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Share wireless internet, but not wired network

Discussion in 'General Discussion' started by Anonymous, May 28, 2005.

  1. Anonymous

    Anonymous Guest

    I am sure this has been addressed, but I don't know what to terms to search for (bridge, gateway, router, etc.). I have had a BEFSR41 installed and working with my broadband modem and other wired devices without problems.

    I have just purchased a WRT54G and would like to configure it to allow wireless access to the Internet only, not to other devices on the wired network. I would also like to leave the modem connected to the WAN port on the BEFSR41.

    What is the correct way to setup the WRT54G, so wireless devices will be able to access the Internet, but not have access to the wired devices connected to the BEFSR41?

    Thanks, Libs
     
  2. sahirs

    sahirs Network Guru Member

    Connect the modem to the WRT54G.
    Connect the BEFSR41 to one of the LAN ports on the WRT54G.

    Use one of the 3rd party firmwares (Talisman, for example) to set up two VLANs - one for the wired port (BEFSR41 network) and other for the wireless network.
     
  3. CAOgdin

    CAOgdin Network Guru Member

    Using Two Routers, Use Different Subnets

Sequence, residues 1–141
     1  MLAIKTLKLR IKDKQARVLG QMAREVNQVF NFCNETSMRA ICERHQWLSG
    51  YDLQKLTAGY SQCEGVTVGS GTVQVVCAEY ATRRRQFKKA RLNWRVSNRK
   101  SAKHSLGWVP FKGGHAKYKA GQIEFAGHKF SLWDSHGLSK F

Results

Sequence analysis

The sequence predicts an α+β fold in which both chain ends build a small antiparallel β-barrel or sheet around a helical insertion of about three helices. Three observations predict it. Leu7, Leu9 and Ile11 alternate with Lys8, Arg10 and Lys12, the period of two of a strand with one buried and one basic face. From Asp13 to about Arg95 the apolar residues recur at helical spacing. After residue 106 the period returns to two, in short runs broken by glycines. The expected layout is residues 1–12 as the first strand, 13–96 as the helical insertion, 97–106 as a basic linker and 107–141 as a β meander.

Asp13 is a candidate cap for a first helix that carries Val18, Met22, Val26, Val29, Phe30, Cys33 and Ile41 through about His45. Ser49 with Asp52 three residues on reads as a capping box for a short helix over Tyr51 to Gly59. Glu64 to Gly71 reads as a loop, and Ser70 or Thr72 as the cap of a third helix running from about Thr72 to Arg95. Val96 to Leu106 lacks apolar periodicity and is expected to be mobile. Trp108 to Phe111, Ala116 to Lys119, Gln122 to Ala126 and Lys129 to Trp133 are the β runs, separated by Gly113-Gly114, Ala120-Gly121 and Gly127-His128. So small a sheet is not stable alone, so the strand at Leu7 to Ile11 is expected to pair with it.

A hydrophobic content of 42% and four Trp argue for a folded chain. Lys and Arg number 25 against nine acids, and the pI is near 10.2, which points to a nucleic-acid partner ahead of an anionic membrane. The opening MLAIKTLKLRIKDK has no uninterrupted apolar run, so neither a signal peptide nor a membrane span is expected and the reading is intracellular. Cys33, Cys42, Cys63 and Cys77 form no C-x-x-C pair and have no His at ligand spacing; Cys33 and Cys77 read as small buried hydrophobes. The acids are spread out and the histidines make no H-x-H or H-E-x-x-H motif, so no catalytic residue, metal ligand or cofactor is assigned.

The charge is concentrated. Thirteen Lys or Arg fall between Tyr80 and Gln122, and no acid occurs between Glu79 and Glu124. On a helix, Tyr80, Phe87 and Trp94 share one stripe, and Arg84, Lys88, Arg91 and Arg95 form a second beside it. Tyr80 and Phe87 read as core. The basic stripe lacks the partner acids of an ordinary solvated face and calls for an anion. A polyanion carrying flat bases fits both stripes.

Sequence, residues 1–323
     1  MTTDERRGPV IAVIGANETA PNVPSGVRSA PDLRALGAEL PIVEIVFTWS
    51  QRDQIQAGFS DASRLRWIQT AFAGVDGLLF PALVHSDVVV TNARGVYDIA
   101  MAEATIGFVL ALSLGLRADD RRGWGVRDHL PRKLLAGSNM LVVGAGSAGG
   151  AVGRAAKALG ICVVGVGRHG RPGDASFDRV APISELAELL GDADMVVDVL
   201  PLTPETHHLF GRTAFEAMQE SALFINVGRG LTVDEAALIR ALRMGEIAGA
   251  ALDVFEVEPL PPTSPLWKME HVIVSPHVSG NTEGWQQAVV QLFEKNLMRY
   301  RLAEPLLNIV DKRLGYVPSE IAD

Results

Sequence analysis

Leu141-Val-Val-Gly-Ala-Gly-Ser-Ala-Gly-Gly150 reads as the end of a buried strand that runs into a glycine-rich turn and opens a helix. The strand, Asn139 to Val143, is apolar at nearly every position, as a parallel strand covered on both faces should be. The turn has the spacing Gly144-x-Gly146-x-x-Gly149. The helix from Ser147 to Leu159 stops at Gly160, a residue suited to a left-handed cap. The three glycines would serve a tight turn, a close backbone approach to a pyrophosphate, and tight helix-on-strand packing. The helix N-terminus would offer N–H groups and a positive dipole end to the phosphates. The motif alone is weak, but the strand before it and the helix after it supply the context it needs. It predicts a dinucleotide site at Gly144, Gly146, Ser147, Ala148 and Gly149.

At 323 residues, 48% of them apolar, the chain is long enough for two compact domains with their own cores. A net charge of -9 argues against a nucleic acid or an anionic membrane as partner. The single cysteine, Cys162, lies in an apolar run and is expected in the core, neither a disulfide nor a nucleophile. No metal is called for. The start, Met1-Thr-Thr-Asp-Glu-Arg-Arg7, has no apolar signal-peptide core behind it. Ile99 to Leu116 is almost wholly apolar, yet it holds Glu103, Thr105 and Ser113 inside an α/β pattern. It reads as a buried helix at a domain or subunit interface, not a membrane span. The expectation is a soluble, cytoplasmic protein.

I recently had to add a WRT54GS to an existing restaurant network, so patrons could access the Internet as a hotspot, but without access to each other's computers, and certainly no access to the restaurant's computers.

    The BEFSR81 is already the DSL router for the restaurant, with all computers tied to that Ethernet switch. All clients are configured for DHCP (e.g., in the range 192.168.1.100-thru-110).

    I plugged the WRT54GS' WAN port into the BEFSR81 in the following way:
    Assign a Static IP address to the WRT54GS (say, 192,168.1.200). Then, configure the BEFSR81 DMZ port to the same IP address. That isolates that single IP address as providing service by the BEFSR81 to the WRT54GS.

    Next, in the WRT54GS, configure DHCP for a different range (e.g., 192.168.1.192-thru-199) with a very narrow netmask (e.g., 255.255.255.248) for up to six wireless clients. Now the wireless users are in one address space, the rest of the network is in a different space, and because we're using non-routable addresses, it takes a LOT of work for anyone to get into the main restaurant network.

    Finally, went to wireless/Advanced Wireless settings and set "AP Isolation" on, to keep wireless clients from probing each other's computers.

    The only complication to this is that in order to administer the network, you have to plug the computer directly into the back of the specific router, and configure that computer for an IP address within the range.

    Be sure you DON'T connect the two routers with any LAN cable, except the one from the BEFSR81 and the WAN-input port of the WRT54GS.

    This seems to work effectively with both HyperWRT 2.1b1, and Linksys stock software.
     
  4. Anonymous

    Anonymous Guest

    Re: Using Two Routers, Use Different Subnets

    Thanks for the response, it certainly sounds like what I want.